By the way, I’m glad that I don’t have anything to fear about dying, since Jesus has conquered death and the grave on our behalf, and I have the blessed assurance that “to be absent from the body is to be present with the Lord.” O death where is your sting? It’s gone. Thanks be to God, it’s long gone.
In the meantime, I’m sure glad the Lord has allowed us to spend this little bit of time we have here on earth together, serving Him through such a wonderful church like Shelby Crossings. I am praying for you, as I hope you are for me, and I look forward to seeing you on Sunday.
Interestingly, the only Biblical account we have of the life of Jesus between His early childhood and adulthood was when He was twelve years old and His parents accidentally left Him behind in Jerusalem. You probably remember the story, recorded in the last part of Luke 2.
Joseph and Mary had gone up to Jerusalem with their family to celebrate Passover, which they did every year. On their long walk back home to Galilee–after a full day’s journey–they realized that the boy was not with them. I can imagine the conversation.
Mary: “Where’s Jesus?”
Joseph: “I thought He was with you.”
Mary: “No, I thought He was with you!”
Joseph: “No, remember, I said I would pack the donkey, and you were responsible for getting Jesus.”
Mary: “Uh oh.”
After three days–one coming, another going back, and one day searching–they found Jesus, where they had left Him, in the temple courts, sitting among the teachers, “in His Father’s house.” There are several spiritual lessons here: don’t forget Jesus; when you go looking for Him, He’s right where you left Him; and He’s always about His Father’s business. But that’s not why I share this story.
It is because in that context, I don’t feel as bad admitting that one time, I left one of my children at a fast food restaurant. It wasn’t on purpose, though that’s something I considered more than once when they weren’t acting so nice. But it was more than a little embarrassing, to say the least, to have to go back to Hardee’s and face the manager who was trying to call me to tell me I had left my daughter behind.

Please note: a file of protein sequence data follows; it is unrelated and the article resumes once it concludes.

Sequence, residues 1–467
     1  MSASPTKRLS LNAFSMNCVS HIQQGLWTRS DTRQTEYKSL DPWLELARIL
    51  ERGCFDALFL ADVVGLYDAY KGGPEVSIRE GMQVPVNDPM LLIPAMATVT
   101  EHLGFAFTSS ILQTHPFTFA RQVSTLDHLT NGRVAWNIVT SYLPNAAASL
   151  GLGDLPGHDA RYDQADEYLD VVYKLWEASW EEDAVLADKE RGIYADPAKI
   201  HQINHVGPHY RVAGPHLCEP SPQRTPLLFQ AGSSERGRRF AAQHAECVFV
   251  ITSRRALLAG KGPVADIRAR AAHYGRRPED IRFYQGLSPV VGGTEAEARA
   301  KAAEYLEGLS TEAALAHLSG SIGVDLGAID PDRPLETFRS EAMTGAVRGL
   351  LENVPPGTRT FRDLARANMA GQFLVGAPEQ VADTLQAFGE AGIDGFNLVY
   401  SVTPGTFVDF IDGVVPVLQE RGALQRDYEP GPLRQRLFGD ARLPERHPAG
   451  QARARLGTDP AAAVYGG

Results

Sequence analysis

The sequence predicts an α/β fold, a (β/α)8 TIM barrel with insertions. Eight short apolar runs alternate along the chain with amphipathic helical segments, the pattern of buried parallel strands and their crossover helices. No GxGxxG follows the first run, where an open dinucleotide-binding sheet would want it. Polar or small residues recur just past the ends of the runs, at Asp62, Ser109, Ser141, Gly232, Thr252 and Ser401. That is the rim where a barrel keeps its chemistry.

I felt like a horrible parent, until I remembered I was in pretty good company–that Jesus’ parents did the same thing with Him. And He turned out all right.
There wasn’t much excuse in my situation. My wife was sick in bed when I came home from work. The kids needed dinner, and I was inept in the kitchen. So, I loaded them all up in the van to go grab something quick. The dinner itself was as uneventful as you would expect with a dad and six little kids. On the way out, I saw someone I knew. We talked, while the kids loaded into the van.
The conversation went long (as often happens with me) and one of the children realized she needed to go to the bathroom, and wandered back inside. Meanwhile, my conversation ended, I got in and started the engine, and drove off. We were gone about five minutes when the older sisters did a head count in the back of the van and reluctantly told me, “Dad, I think we forgot Rachel.”
Tomorrow afternoon, I’ll have one of the greatest privileges a father can have, in giving my daughter away in marriage. I’m proud to say that she turned out all right, too, in spite of my less-than-stellar parenting, on that night and on many other occasions. By His grace, God has a way of overcoming our “uh-oh’s” and blessing us in spite of our failures. And now it’s time for Rachel to move on, and to be about her Father’s business with her new husband Blake.
In light of the difficulties she has faced in the past month or so, it will be pretty special to walk her down that aisle. I’m thankful for all your prayers for Rachel, leading to this special day, and I hope each of you can join us for the wedding, Saturday at 2:30 at the Rosser Farm in Columbiana. All of the Shelby Crossings family is invited to the celebration.
And remember, never leave Jesus behind. Or, your kids either.
I’m grateful to be a part of such a wonderful church family, and I look forward to seeing each of you on Sunday, if not before.